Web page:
Thursday, 13 October 2016 13:47
"When we let the circumstances dictate what we do, everything will have a reason, will seem perfectly natural, truthful. It's only when we don't understand the circumstances that we have to 'act,' that we have to fake it."
I had been working in class with two students on a scene from the play My Thing of Love by Alexandra Gersten. One of my students was challenged by several lines of text where her character was recounting a past incident.
I asked my student several questions which led to the creation of a very specific exploration. As my student fully immersed herself in that exploration along with the text, the scene sprung to life.
Astonished by the actor's quick and complete turnaround, my class almost all at once turned to me and exclaimed, "How did you know to do that?!?"
Ahhh, my favorite question as an acting teacher: how.
Though it was far from the first time I revealed it, I told them my big secret – it says so in the script's given circumstances. They were shocked! They were amazed! They were incredulous, until they looked more closely at the actual given circumstances written in black and white on the page, for indeed all that the actor had done was deeply commit to the circumstances spelled out clearly by the playwright.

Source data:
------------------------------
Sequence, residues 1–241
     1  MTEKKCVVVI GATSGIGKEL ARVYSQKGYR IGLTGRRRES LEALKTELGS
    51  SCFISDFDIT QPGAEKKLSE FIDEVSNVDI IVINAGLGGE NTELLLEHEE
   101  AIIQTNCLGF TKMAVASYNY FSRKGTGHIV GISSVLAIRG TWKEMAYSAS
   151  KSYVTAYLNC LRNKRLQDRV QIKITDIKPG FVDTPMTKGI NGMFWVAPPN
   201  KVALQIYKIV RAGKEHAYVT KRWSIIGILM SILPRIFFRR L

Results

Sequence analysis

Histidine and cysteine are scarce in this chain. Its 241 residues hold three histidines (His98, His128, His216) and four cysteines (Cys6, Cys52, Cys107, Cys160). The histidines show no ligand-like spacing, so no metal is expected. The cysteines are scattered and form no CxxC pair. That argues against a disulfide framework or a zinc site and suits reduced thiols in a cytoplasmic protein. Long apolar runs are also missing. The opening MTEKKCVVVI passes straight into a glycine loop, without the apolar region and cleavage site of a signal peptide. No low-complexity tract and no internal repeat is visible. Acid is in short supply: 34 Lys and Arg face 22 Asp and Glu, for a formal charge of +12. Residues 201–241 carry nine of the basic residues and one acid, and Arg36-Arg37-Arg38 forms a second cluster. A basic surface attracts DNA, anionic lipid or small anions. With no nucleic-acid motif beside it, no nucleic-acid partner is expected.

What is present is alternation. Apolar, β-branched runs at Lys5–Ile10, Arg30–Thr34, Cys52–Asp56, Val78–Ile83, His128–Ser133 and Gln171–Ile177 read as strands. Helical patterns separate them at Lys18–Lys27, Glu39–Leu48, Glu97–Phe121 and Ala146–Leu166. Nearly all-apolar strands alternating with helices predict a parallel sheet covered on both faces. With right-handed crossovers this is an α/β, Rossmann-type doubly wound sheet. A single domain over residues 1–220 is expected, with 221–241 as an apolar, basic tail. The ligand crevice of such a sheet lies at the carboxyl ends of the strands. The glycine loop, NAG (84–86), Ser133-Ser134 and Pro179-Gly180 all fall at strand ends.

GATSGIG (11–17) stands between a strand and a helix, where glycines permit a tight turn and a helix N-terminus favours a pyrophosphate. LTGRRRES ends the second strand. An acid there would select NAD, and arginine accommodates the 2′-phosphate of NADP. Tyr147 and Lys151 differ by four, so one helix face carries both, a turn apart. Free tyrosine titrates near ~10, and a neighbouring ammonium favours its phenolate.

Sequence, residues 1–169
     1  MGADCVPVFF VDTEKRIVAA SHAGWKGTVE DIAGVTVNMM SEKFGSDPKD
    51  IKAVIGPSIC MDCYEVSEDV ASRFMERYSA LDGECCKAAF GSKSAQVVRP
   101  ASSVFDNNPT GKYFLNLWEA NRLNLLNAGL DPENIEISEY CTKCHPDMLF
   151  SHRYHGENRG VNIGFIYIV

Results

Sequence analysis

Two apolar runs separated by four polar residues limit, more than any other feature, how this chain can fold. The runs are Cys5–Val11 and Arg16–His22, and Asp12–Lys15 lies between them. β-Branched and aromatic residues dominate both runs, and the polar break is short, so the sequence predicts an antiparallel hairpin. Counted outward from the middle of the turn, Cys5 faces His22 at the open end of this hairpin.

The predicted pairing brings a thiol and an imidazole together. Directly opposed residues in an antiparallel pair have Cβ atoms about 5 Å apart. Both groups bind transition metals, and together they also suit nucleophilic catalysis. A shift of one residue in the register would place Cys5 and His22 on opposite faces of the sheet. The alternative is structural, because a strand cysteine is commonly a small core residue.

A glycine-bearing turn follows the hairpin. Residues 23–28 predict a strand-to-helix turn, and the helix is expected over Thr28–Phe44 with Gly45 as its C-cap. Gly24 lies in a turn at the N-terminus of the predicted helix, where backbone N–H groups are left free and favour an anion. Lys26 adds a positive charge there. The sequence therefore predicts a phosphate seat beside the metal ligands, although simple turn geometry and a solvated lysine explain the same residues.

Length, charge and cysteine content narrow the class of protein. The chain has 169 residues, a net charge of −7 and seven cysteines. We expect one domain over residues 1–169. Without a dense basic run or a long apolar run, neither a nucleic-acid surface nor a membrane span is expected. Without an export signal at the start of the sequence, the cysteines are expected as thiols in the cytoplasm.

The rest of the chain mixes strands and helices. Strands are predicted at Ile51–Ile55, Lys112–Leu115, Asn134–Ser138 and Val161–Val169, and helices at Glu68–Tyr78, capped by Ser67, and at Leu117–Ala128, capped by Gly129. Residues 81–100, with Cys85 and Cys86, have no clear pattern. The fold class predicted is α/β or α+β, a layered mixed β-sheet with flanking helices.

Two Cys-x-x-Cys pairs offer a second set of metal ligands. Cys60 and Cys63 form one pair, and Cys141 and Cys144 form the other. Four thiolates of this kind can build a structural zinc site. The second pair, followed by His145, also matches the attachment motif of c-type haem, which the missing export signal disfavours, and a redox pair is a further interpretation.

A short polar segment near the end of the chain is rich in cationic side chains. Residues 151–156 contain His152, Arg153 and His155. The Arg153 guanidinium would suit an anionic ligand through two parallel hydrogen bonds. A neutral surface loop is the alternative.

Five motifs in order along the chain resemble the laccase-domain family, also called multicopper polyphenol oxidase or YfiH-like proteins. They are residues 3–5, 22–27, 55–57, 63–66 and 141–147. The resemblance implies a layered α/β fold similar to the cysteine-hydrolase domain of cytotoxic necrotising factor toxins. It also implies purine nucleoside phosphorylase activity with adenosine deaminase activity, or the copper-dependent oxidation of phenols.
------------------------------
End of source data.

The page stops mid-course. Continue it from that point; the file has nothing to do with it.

When it comes to characters, they say what they mean and they mean what they say—unless otherwise revealed somewhere else in the script.
Actors often make the mistake of not giving credence to the given circumstances. Doing this is much to their detriment. Starting with the facts, the 5 Ws of given circumstances: Who, What, When, Where & Why— supplies actors with all they need to bring a character to life.
Actors put themselves through a lot of unnecessary stress when they spend their time and energy searching outside of the given circumstances for that "special something" that they believe is essential to their material. It is a futile search that ultimately creates strain in the actor's work and leads the material to flat-line. As an added bonus, it's much more fun to trust the actual given circumstances of a script.
If it is more fun to trust the given circumstances, why is it then that actors choose to ignore or dismiss them? I think it is because they are looking for a magic ingredient that is not on the page. What I encourage actors to trust is that they themselves are the magic ingredient. This means that an actor's own personal viewpoint together with their one-of-a-kind way of approaching a particular set of given circumstances will be unlike any other actor's way. And that really is the magic.
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